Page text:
Ashley Ortega moved by meeting with surviving comfort women

Meeting with surviving comfort women moves Ashley Ortega to tears

By: - Reporter
/ 12:10 AM March 15, 2024

Meeting with surviving comfort women moves Ashley Ortega to tears


As part of her preparation for GMA 7’s upcoming war drama series, “Pulang Araw,” Ashley Ortega met with two of the Philippines’ surviving comfort women, an experience that was as enlightening as it was emotional.

Listening to Estelita Dy and Narcisa Claveria recount the harrowing stories of abuse they endured during the Japanese occupation, Ashley couldn’t help but cry.


“We interviewed comfort women from 1945 during World War II. I really cried when I heard their stories. It’s sad … what they had to go through back then,” Ashley told the Inquirer and another media outlet at her recent launch as part of GMA Artist Center’s “Sparkle 10” group.


“Of course, I also learned a lot. It made me realize just how fortunate our generation is that we never had to experience a war,” she added. “We should always be grateful for what we have.”

Set in World War II, “Pulang Araw” is directed by Dominic Zapata, and follows the contrasting fates of half-sisters and vaudeville performers Adelina (Barbie Forteza) and Teresita (Sanya Lopez). David Licauco (Hiroshi) and Alden Richards (Eduardo) play the two women’s respective love interests. Ashley, on the other hand, plays Manuela, one of the antagonists.

Filipino courage

Joining her in the meeting with the former comfort women were Sanya and the show’s writers, who made sure to provide context and highlight the sensitive nature of the topic.

“There were terms used during the war that we didn’t really know about. I had to study well because the show tackles things that really happened in our history. It’s a sensitive topic, so I want to do my role justice. We have to be careful of every line we say,” Ashley said, adding that she hopes to dedicate the show “to all those who suffered during World War II.”

“The series aims to depict the courage of Filipinos, how they fight amid the struggles,” she added.


While it took a couple of years before Ashley started landing big breaks, the 25-year-old actress couldn’t be more grateful for the variety of roles and projects given to her. Prior to “Pulang Araw,” she played a woman caught between a Muslim clan war in “Legal Wives,” a figure skater in “Hearts on Ice” and a fading social media influencer in the film “As If It’s True.”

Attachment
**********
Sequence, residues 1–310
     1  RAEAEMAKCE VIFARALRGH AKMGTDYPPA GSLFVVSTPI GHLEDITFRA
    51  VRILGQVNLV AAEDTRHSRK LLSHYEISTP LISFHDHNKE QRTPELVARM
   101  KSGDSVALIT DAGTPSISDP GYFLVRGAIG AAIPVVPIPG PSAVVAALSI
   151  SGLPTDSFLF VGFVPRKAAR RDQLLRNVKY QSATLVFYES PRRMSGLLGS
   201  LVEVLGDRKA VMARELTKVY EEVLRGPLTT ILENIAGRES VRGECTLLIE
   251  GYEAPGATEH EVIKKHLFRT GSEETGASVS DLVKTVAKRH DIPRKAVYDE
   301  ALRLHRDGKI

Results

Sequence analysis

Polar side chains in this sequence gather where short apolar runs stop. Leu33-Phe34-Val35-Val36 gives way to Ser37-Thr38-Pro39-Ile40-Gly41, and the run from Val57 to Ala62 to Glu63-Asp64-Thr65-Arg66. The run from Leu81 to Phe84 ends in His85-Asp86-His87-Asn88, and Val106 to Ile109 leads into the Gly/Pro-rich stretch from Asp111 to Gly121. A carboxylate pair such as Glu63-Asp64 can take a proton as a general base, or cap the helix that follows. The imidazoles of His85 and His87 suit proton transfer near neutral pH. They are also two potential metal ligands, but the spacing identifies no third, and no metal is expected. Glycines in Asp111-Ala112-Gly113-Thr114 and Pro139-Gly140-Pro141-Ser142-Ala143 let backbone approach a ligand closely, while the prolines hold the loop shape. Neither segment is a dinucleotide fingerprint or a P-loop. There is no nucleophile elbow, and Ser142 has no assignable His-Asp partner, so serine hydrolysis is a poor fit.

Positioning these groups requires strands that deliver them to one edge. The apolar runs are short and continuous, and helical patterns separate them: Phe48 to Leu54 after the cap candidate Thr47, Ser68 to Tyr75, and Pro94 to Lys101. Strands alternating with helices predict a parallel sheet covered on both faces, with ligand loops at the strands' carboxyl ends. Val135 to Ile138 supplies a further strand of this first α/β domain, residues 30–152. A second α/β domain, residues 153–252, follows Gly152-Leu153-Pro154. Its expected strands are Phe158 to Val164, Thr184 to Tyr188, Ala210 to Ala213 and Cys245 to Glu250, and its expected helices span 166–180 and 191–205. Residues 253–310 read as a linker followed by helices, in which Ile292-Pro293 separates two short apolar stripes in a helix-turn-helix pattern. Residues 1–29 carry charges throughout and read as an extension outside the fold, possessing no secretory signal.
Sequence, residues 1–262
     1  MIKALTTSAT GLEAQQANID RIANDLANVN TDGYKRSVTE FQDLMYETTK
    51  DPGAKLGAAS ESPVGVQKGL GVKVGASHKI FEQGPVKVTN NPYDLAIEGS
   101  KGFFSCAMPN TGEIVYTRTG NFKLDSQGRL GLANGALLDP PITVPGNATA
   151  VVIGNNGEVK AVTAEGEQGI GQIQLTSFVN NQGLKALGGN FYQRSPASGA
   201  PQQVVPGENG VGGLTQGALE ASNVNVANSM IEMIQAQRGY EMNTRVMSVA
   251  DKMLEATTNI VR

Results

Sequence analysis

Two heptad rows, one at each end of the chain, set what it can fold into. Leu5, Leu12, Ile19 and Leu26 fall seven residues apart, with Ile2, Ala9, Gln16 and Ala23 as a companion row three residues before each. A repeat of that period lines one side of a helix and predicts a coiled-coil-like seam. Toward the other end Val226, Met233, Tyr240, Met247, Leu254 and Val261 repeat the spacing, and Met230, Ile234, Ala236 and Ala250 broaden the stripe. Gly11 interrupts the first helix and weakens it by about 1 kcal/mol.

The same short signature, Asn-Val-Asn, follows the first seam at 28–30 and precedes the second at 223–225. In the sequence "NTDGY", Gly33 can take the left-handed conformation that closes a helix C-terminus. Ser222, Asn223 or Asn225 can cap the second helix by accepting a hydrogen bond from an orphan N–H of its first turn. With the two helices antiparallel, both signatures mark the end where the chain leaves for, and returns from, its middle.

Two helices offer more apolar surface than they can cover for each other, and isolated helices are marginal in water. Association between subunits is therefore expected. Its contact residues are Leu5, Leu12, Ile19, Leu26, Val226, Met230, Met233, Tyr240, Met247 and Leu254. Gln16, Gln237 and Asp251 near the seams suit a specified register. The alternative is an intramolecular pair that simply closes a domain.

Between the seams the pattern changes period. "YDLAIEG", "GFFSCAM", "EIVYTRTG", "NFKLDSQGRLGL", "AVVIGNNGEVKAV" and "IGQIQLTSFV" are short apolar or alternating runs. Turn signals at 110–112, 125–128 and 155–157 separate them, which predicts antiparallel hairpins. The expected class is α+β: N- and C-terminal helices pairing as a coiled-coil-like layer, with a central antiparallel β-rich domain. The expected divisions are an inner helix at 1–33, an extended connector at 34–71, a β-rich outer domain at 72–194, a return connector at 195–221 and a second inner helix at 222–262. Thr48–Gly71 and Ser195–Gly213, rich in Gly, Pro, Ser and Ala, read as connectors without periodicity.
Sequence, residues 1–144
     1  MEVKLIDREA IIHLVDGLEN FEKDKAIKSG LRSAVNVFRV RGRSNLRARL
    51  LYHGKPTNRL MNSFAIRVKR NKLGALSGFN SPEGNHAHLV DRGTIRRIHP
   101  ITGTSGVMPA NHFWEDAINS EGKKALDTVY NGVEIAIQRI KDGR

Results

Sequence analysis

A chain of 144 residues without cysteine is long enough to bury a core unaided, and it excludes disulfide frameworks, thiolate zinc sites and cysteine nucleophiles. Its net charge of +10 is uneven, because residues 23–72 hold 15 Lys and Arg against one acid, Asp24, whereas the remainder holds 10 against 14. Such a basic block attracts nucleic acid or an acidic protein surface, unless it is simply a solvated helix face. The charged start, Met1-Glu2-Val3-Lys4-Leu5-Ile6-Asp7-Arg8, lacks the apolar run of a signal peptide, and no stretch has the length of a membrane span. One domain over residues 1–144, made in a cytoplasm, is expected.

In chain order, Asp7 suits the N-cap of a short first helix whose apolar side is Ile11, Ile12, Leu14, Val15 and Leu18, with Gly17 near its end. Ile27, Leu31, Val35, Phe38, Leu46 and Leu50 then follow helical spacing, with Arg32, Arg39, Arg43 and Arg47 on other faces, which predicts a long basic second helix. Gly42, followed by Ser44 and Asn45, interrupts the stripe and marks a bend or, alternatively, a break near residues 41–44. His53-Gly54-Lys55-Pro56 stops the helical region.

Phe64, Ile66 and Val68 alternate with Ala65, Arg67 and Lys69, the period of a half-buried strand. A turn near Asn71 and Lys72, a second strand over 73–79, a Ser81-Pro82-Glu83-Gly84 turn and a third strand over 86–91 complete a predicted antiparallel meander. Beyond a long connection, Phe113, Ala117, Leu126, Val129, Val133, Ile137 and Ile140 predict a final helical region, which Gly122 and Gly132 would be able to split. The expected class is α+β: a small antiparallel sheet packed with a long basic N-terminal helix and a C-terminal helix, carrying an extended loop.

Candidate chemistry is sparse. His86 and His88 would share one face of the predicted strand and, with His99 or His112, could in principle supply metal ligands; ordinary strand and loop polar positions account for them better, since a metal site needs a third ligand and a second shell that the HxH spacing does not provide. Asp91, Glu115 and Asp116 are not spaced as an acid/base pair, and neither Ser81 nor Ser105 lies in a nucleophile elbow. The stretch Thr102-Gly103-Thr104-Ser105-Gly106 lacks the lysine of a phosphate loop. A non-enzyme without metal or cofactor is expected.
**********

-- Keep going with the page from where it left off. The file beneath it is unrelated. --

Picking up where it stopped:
“I’m so happy because that’s my goal as an actress, to be versatile. I don’t want to stick to one image. I want to do different genres. I want to prove myself because I know that there’s a lot more I can give. I think that there’s always room for growth and I want to pursue things that could serve as an inspiration to people,” she said.

Ashley is also proud of the fact she can go back and forth between villain and leading lady roles. But it does come with a bit of pressure, she admitted.

“I personally enjoy villain roles and find it more challenging. I enjoy playing with the lines and emotions. But I’m also thankful I was given the chance to play lead, like in ‘Hearts on Ice,’ because I got to topbill a dream project. But of course, people also start to expect more of you, right?” she said.

“They would see me as a kontrabida and they will be like, ‘What’s next?’ You do a sports drama, and they ask the same thing. So with every project, I just have to step my game up. There’s pressure,” she added.

But just because she has already done lead roles doesn’t mean she can’t go back to supporting roles. “Whether I play lead or not isn’t really important. It’s not about what benefits you in terms of fame. I love my job, so whatever character is given to me—and as long as the story is good—I will do it,” she said.

Living independently

Not only is Ashley making big career moves, but she’s also making important personal decisions that she believes will help her grow as a person. Living independently is one of them.

“I started living alone last year, so I have to be a responsible woman. I have to take care of myself, love myself, discover more about myself. I think that has helped me mature, along with the experiences, struggles and failures I have had,” she said.

Leaving the comforts of her family home was difficult, knowing that she can look after herself couldn’t be more fulfilling. “It was my decision and I’m proud. It’s hard, especially when you get sick. You do everything—you clean, you cook, you do the laundry. I have to prepare my stuff for work. It’s all me,” she said. “Hindi ako pwedeng pabebe dito!”

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Of course, she misses living with her parents and the assurance that somebody’s always there for her in times of need. “But I can’t just move back in with them,” she said, laughing. “Nakaka-miss. But this was my choice, so kailangan kong panindigan.”

TAGS: Ashley Ortega, comfort women

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